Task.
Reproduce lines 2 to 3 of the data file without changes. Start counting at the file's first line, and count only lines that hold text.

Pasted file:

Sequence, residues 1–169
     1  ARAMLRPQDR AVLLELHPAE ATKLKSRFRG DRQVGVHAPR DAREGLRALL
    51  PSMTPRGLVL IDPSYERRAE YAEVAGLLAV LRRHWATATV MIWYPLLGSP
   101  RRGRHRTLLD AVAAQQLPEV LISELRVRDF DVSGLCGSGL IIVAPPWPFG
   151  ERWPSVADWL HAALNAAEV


     1  ARAMLRPQDR AVLLELHPAE ATKLKSRFRG DRQVGVHAPR DAREGLRALL
    51  PSMTPRGLVL IDPSYERRAE YAEVAGLLAV LRRHWATATV MIWYPLLGSP